Review: Overcooked! 2 (PS4)

Review: Overcooked! 2 (PS4)

Platforms:

  • PlayStation 4
  • Xbox One
  • Nintendo Switch
  • PC, Mac

Platform/Hardware Used:

  • PSN Download
  • PS4 Pro
  • HDTV

Extras:

  • DualShock 4 Required (1)
  • Move None
Title: Overcooked! 2
Format: PSN (2.8 GB)
Release Date: August 7, 2018
Publisher: Team17 Digital Limited
Developer: Ghost Town Games
Original MSRP: $24.99 (US), €24.99 (EU), £19.99 (UK)
ESRB Rating: E
PEGI: 3
A copy of this game was provided by the publisher for review purposes.
PS Nation Review Policy

My family still plays the first game when we get a spare five minutes and when we heard Overcooked! 2 was on the horizon we literally cheered. Our expectations with this new serving are ridiculously high and it will take some doing to meet them.

Gameplay:
I won’t leave you waiting like a hungry diner in the Fawlty Towers restaurant, I’ll come right out and say Overcooked! 2 beat our expectations and is easily the most fun we’ve had in ages. It took some doing to find even the smallest of faults and even then, it was more my own failings rather than the game.

Just like the original game, your job is to prepare meals and send them out to the hungry patrons. If you’re playing the game on your own you have a doppelganger to keep you company. When you’re busy chopping something or washing the dishes, you can leave that character to carry on while you switch to the clone and continue with the other jobs.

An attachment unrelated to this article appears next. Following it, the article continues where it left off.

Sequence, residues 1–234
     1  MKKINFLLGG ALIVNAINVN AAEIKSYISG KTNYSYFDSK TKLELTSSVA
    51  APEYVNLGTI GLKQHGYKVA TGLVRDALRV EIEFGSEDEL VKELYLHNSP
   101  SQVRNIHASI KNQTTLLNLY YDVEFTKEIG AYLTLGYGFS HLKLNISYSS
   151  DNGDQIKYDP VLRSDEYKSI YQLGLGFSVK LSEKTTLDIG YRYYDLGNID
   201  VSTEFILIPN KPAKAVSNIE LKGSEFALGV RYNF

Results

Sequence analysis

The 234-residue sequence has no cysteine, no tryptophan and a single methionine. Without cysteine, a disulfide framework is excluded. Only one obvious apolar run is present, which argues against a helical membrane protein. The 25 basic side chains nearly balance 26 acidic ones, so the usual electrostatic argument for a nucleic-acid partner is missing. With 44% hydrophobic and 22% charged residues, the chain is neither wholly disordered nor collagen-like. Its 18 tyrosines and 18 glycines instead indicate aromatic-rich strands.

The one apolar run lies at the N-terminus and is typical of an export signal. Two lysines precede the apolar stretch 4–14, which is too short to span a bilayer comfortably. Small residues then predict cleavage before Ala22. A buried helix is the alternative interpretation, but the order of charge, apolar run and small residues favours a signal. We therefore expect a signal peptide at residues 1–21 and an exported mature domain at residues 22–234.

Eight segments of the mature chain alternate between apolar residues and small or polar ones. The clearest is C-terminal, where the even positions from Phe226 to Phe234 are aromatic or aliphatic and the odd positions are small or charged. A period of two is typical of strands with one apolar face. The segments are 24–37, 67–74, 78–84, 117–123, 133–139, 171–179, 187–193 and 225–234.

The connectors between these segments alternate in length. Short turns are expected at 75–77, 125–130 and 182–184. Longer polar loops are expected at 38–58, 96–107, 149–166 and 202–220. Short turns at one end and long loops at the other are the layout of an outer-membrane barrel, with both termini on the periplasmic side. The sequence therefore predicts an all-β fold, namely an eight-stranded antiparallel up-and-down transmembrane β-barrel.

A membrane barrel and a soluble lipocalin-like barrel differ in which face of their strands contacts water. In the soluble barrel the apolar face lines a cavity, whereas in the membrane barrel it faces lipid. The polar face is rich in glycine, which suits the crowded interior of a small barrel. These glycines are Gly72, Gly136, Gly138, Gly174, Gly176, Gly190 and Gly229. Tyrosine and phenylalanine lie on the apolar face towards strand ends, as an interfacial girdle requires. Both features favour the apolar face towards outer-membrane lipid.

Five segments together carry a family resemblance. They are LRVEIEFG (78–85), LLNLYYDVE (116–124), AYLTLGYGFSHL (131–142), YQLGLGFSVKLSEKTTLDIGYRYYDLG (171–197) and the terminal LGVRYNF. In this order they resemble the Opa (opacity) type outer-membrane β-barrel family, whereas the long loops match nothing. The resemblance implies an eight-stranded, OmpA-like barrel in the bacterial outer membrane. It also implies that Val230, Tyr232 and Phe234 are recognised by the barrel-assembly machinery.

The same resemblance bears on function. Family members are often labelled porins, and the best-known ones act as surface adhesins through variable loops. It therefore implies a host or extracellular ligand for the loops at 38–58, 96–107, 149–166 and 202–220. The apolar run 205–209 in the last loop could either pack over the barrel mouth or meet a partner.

This does mean that you can play this game on your own, but why on earth would you want to because this time, it even has online multiplayer. More on that a little later, now I want to mention the awesome levels.

Review: Overcooked! 2 (PS4) Review: Overcooked! 2 (PS4)

All of the crazy things that you would expect from an Overcooked kitchen make a return in this game, with an extra helping of variety and madness. One level totally changes midway through and it’s a sight to behold. The kitchens have more of an identity now and there’s much less repetition, not that it was a problem before. I definitely have more favorites this time and the themes are more distinctive too.

Some levels require the use of a new throw ability. Only uncooked food can be hurled across counters and gaps, and when mastered can be crucial in achieving those high scores. It can also be hilarious when the flying food smacks into another chef. I have, even on one occasion, had it land on the plate where I intended it to be placed. Sadly I was the only one who noticed as my wife had just fallen off the ledge separating us.